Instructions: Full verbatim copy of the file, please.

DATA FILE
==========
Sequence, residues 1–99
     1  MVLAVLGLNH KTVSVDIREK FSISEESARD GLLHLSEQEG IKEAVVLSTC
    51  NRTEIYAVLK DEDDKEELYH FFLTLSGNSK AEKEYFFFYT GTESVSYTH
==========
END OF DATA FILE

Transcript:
Sequence, residues 1–99
     1  MVLAVLGLNH KTVSVDIREK FSISEESARD GLLHLSEQEG IKEAVVLSTC
    51  NRTEIYAVLK DEDDKEELYH FFLTLSGNSK AEKEYFFFYT GTESVSYTH